Conclusions: Most men remain on active surveillance at 5 years without adverse reclassification or adverse pathology at surgery. However, clinical factors had only a modest association with disease reclassification, supporting the need for approaches that improve the prediction of this outcome.
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http://dx.doi.org/10.1016/j.juro.2015.08.087DOI Listing
http://www.ncbi.nlm.nih.gov/pmc/articles/PMC4970462PMC
February 2016

Trends in Metastatic Kidney Cancer Survival From the Cytokine to the Targeted Therapy Era.

Urology 2015 Aug 18;86(2):262-8. Epub 2015 Jul 18.

Department of Urology, University of Washington, Seattle, WA; Fred Hutchinson Cancer Research Center, Seattle, WA.

Objective: To evaluate population-based survival trends, compared to optimistic trial benchmarks, in metastatic renal cell carcinoma (mRCC). Advances in medical therapy for mRCC may be associated with survival improvements. Yet, targeted therapy trial results focus on patients with favorable-risk mRCC and may not be well disseminated at the population level.

Methods: Surveillance, Epidemiology, and End Results identified adult mRCC patients diagnosed between 1990 and 2009. Survival was analyzed by treatment era (cytokine, 1990-2005; targeted therapy, 2006-2009) and stratified by histology. Multivariate Cox regression identified factors independently associated with overall survival.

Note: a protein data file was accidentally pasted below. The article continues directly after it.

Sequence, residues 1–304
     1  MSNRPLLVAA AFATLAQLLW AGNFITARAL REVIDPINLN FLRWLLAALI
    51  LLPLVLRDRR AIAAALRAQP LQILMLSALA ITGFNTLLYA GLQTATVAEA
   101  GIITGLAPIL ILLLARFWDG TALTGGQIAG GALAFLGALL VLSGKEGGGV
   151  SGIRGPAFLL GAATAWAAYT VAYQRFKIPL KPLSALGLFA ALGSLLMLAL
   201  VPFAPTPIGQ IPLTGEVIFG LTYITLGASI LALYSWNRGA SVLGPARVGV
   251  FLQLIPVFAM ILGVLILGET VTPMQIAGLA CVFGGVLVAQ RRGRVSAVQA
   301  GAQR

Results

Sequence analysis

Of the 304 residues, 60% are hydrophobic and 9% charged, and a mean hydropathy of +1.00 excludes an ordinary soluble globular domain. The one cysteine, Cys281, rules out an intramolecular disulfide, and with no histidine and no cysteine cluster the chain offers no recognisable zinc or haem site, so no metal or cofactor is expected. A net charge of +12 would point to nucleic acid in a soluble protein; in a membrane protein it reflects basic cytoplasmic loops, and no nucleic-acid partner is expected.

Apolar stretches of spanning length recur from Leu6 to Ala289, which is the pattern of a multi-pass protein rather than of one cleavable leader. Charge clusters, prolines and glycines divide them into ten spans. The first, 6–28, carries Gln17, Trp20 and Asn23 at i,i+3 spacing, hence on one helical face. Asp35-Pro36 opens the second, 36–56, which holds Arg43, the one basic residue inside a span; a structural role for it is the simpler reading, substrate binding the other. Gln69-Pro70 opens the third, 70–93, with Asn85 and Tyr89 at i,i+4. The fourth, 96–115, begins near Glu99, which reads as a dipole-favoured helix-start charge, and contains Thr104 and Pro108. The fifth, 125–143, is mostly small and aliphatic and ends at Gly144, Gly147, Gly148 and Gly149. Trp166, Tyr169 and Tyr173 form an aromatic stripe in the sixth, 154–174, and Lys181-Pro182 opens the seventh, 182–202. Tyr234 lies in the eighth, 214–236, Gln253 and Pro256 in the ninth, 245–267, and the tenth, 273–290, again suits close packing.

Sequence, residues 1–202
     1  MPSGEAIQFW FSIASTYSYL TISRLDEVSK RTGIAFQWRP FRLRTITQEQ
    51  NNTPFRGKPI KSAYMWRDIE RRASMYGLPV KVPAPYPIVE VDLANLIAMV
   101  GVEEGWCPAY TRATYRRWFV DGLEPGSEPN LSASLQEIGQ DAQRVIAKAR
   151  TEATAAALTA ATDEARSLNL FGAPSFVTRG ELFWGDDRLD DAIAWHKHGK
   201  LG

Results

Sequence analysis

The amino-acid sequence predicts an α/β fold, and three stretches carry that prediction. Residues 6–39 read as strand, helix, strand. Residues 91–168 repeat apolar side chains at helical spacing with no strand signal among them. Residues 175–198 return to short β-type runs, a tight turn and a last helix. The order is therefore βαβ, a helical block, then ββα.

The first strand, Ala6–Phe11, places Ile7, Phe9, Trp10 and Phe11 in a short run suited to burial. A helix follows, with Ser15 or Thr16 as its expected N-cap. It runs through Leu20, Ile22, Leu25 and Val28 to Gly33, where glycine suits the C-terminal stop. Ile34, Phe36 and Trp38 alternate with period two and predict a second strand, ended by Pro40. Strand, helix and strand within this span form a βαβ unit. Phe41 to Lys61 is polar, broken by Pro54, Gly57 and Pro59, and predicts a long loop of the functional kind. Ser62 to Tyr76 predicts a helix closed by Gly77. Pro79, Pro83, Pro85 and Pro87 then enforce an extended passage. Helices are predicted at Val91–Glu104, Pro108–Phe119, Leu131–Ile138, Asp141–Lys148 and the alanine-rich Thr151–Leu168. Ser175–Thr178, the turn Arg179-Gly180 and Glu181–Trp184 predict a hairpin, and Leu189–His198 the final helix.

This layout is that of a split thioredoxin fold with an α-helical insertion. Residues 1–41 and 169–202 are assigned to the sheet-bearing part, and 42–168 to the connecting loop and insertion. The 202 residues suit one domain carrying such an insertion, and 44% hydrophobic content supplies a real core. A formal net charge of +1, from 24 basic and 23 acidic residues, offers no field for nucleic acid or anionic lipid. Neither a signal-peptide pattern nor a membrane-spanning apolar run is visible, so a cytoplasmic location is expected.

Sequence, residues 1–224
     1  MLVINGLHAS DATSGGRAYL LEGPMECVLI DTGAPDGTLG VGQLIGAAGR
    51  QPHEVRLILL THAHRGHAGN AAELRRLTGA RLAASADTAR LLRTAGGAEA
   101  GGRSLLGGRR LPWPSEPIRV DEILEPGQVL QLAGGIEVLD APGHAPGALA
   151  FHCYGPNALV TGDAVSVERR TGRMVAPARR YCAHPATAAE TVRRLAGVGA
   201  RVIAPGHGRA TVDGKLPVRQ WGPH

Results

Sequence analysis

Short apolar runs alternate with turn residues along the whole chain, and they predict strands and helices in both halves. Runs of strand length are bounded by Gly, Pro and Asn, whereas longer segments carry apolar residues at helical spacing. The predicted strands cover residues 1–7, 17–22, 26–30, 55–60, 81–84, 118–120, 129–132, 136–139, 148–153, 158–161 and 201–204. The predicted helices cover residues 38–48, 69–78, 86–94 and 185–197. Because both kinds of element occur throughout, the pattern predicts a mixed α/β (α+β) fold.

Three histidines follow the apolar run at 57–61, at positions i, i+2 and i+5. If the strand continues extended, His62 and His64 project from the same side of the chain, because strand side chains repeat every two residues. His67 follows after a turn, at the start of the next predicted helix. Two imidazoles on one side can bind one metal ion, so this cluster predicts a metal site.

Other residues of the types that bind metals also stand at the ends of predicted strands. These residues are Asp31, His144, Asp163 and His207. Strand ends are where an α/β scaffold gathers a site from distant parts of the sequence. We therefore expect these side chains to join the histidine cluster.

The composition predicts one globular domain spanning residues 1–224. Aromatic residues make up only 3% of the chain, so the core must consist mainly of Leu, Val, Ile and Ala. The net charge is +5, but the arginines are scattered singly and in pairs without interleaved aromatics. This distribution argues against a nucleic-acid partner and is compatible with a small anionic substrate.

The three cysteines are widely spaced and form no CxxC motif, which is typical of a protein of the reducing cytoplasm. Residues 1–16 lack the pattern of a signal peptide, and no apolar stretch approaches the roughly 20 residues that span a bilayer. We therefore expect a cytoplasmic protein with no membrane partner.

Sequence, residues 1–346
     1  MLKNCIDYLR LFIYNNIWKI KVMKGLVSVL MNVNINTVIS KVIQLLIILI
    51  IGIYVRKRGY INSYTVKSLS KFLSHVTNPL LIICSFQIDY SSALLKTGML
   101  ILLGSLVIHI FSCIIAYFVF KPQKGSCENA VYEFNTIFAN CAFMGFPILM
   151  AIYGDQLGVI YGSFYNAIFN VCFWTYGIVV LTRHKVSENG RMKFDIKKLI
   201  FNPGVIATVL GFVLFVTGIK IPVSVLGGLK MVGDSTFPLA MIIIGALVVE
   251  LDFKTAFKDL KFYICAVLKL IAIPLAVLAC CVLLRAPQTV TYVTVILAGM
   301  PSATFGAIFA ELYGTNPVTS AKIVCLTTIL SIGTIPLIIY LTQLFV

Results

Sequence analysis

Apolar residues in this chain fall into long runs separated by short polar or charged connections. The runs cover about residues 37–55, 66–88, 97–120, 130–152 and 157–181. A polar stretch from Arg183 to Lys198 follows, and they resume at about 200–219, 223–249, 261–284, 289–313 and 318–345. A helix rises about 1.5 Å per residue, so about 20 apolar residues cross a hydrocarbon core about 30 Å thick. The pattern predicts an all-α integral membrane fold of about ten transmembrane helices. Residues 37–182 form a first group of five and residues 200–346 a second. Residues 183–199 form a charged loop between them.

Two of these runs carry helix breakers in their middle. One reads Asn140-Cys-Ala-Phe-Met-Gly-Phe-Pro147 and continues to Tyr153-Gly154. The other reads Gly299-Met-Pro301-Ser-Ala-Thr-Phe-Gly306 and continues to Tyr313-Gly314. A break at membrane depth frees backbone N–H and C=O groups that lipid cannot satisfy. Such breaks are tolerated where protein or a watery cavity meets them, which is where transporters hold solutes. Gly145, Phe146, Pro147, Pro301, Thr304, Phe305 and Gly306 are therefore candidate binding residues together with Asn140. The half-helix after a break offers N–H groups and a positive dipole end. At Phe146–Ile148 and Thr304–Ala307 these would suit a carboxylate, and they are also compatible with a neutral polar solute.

Results: We identified 14,521 eligible patients. For clear cell mRCC (N = 4149), median survival improved from 11 to 14 months before and after targeted therapy (P <.001). For RCC with sarcomatoid features (N = 608) and RCC not otherwise specified (N = 8860), survival did not change (median survival 4 months for both). For non-clear cell subtypes (N = 904), median survival improved from 7 to 9 months (P = .008). On multivariate analysis, factors associated with increased overall survival were as follows: treatment in the targeted era (hazard ratio [HR], 0.87; 95% confidence interval [CI], 0.84-0.91), clear cell histology (HR, 0.76; 95% CI, 0.73-0.80), and receipt of surgery (HR, 0.43; 95% CI, 0.41-0.46).

Conclusion: Population-based mRCC median survival improved but to a lesser degree than that reported in clinical trials. This represents opportunity for quality improvement in histologically guided care, use of cytoreductive nephrectomy, and development of strategies for trial-ineligible, poor-risk patients.
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http://dx.doi.org/10.1016/j.urology.2015.05.008DOI Listing
August 2015

ERG Activates the YAP1 Transcriptional Program and Induces the Development of Age-Related Prostate Tumors.

Cancer Cell 2015 Jun;27(6):797-808

Division of Human Biology, Fred Hutchinson Cancer Research Center, Seattle, WA 98109, USA; Department of Pathology, University of Washington, Seattle, WA 98195, USA; Institute for Stem Cell and Regenerative Medicine, University of Washington, Seattle, WA 98195, USA. Electronic address: